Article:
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Philosophie, Religionsphilosophie


Grau, Gerd-Günter


Vernunft, Wahrheit, Glaube. Neue Studien zu Nietzsche und Kierkegaard.


Würzburg: Königshausen & Neumann 1997. 172 S. 8 = Nietzsche in der Diskussion. Kart. DM 38,-. ISBN 3-8260-1343-3.


George Pattison

Although the studies brought together in this book have an occasional feel about them, they are united in a common thematic that goes beyond the link provided by the names of Nietzsche and Kierkegaard.

Indeed, it is tempting to sum up the shared focus of the essays in a single phrase, namely, the expression used by G.-G. Grau in the title of one of his previous works: "der absolute Anspruch" ("the claim of absoluteness" as one might loosely translate it into English: the expression and the concept alike defy easy translation, however). His central thesis runs something like this: If philosophy is to be taken seriously as offering a guide to life and as a means of raising our minds above the meaningless relativities of day-to-day existence, then it must speak the language of absolutes (absolute truth, absolute values, etc.). On the other hand, our critical, scientific world-view prevents us from subscribing to the actual existence of absolutes. What, then, are we to do? We could, of course, despair, concluding that life was indeed meaningless, a mere concatenation of one thing after another. But G.-G. Grau counsels another way, arguing that we can still have our absolutes, so long as we are willing to have them in the mode of an agnosticism that, although oriented towards faith, does not succumb to the temptation of metaphysical dogmatism. Such a way of looking at things, the author claims, can be of service to religion, if religion is willing to define its post-secular role in therapeutic rather than authoritarian terms.

It will be clear from this brief summary that the approach taken in Vernunft, Wahrheit, Glaube is shaped from the outset by G.-G. Grau’s conviction that religious philosophy must stand in the service of life and is therefore much too important to be left to the academ ic professionals. This, naturally enough, more than hints at the appeal of Nietzsche and Kierkegaard and also explains the relevance of the opening autobiographical essay, in which we see how the philosophy and the life mesh together. It is in many ways a remarkable story. Beginning his war-service in the Wehrmacht, and participating in the invasion of France, the discovery by the authorities that his mother (who died in his early childhood) was Jewish led to him taking up the study of chemistry in Hamburg and, later, Marburg (where he was especially impressed by the preaching and presence of Bultmann). Finishing the war in a slave labour camp, he returned to chemistry but, with the help of Karl Löwith and H.-G. Gadamer, he became deeply involved in philosophy. Coming from an almost entirely secular background, he has subsequently had an on-off relation to formal religious belief, although the importance of religion to him is palpable on every page.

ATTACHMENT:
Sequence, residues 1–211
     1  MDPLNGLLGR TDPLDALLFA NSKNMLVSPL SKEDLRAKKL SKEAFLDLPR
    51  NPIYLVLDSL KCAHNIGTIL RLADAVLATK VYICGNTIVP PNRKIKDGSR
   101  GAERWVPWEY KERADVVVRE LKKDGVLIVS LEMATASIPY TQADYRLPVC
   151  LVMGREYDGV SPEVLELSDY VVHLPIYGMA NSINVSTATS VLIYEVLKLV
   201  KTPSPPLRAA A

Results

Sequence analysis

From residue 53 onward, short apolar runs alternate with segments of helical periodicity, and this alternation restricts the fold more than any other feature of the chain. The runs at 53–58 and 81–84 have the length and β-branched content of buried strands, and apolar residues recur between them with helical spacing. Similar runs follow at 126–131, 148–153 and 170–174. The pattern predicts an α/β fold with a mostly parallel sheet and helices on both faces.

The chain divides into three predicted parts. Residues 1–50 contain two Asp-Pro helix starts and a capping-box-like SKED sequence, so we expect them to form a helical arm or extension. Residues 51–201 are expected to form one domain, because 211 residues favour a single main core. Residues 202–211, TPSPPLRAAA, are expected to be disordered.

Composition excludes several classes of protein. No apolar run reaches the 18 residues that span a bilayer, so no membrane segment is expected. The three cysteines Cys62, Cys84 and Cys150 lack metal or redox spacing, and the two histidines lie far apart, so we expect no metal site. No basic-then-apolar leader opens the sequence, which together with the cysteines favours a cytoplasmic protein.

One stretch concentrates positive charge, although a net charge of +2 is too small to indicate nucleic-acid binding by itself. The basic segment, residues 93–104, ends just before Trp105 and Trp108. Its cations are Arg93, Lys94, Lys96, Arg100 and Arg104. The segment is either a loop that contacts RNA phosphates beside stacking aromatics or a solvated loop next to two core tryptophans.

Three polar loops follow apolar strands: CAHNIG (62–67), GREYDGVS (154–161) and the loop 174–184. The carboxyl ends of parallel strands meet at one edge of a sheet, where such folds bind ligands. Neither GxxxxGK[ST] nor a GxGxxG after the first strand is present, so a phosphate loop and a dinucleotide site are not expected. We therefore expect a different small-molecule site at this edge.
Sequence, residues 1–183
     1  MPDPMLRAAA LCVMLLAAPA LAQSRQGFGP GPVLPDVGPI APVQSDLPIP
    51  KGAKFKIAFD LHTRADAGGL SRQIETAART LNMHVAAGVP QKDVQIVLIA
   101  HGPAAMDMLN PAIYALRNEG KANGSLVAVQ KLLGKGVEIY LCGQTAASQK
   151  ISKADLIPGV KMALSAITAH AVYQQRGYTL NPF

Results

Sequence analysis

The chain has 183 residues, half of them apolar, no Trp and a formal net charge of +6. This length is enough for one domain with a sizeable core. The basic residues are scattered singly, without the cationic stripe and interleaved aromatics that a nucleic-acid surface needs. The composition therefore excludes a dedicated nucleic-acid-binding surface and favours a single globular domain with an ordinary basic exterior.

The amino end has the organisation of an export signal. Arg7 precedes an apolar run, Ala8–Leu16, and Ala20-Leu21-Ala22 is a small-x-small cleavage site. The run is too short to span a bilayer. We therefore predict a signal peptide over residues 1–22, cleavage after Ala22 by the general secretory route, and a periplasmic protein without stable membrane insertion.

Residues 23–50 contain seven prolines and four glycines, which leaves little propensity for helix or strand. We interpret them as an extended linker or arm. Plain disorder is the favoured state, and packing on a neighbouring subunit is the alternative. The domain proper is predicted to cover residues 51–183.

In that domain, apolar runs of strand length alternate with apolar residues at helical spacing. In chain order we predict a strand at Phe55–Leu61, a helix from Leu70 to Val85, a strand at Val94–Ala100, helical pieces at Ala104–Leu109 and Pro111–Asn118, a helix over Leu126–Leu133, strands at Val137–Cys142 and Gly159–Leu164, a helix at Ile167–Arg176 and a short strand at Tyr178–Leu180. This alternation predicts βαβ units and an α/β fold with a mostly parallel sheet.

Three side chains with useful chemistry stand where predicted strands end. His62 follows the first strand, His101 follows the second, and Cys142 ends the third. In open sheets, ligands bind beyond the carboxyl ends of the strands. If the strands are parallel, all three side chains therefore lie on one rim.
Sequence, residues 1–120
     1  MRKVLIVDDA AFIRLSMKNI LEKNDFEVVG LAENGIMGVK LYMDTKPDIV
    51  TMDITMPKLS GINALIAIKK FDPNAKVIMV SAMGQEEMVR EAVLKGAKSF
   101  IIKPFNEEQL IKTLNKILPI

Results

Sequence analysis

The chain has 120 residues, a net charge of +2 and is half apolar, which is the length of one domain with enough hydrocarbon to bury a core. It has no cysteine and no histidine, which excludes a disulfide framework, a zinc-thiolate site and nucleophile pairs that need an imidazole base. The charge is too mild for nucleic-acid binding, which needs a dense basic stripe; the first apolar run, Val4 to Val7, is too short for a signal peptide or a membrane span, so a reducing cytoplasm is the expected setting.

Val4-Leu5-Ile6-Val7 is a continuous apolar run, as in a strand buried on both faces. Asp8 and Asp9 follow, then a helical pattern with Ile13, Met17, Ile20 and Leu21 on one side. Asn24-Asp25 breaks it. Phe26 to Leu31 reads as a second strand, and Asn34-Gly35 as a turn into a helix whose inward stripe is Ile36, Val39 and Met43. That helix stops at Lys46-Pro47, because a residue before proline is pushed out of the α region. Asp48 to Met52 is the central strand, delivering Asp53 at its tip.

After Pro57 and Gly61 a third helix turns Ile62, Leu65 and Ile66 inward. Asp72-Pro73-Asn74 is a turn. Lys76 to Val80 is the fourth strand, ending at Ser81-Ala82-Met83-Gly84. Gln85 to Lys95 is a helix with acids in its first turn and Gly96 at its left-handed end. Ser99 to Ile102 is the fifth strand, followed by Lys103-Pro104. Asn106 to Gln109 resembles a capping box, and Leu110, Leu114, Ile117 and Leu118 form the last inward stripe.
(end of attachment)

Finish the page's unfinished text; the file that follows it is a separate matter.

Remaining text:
Perhaps the clearest single example of the interplay between philosophy and biography is in the study on the triangular relationship between Kierkegaard, Nietzsche and the man who did so much to establish the European reputation of both of them: the secular Jewish-born Dane, Georg Brandes. The "existential" pathos of the closing sentence of this essay is transparent: "Between obedience and refusal (Kierkegaard), between truth and honesty (Nietzsche), between politics and poetry (Brandes) - should this, then, yet prove to be the (half-) Jewish way?" (94)

The connection between philosophy and life is also particularly strongly marked in the essay on marginality and universality in Nietzsche.

It will be fairly obvious that there is one important influence missing from the book’s title: Kant. Nevertheless, the Kantian provenance of the author’s religious philosophy of "as if" is duly credited in the text. This is particularly striking in the use made of Kant’s discussion of Job in order to explain Kierkegaard’s appeal to this great figure of faith. Job, according to G.-G. Grau, is a type of each of us, and the book that bears his name is not so much a testimony to the overbearing and miracle-working God of the finale as to the task that humanity has to accomplish in time.

I am not familiar with the author’s previous work. Clearly he is not out to set or to break any academic fashions. In many respects - in terms of the texts studied and the positions advanced- much of the book is redolent of the post-war era in which his philosophy matured. However, I do not personally regard this as a disadvantage. I share G.-G. Grau’s conviction that religious philosophy cannot long survive its separation from life, and I am convinced that many promoters of postmodernism have written off the abiding insights and questions of the existentialist era too quickly. Indeed, the old Kantian dilemmas themselves will (I think) continue to trouble us for many years to come. I therefore wish the book well. It is, incidentally, somewhat curious to find that whereas in Britain the slogan "post-secularism" is being pressed into the service of a neo-conservative theology, it is being used in the German context to describe a position that would in Britain be labelled "liberal". I prefer the German version.